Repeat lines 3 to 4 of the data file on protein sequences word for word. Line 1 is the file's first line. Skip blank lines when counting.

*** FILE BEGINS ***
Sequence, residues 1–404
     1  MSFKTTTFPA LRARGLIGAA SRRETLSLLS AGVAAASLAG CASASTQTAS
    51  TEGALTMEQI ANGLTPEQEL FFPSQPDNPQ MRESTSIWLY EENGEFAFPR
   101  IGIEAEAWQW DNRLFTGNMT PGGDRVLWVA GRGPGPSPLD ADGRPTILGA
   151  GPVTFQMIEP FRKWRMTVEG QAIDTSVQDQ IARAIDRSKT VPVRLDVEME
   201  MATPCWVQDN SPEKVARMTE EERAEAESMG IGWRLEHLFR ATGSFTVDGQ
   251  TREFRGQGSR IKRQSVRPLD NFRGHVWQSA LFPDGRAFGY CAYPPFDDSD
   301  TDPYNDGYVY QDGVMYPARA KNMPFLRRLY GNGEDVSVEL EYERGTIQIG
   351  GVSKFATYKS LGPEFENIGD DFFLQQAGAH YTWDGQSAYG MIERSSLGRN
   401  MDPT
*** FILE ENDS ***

    51  TEGALTMEQI ANGLTPEQEL FFPSQPDNPQ MRESTSIWLY EENGEFAFPR
   101  IGIEAEAWQW DNRLFTGNMT PGGDRVLWVA GRGPGPSPLD ADGRPTILGA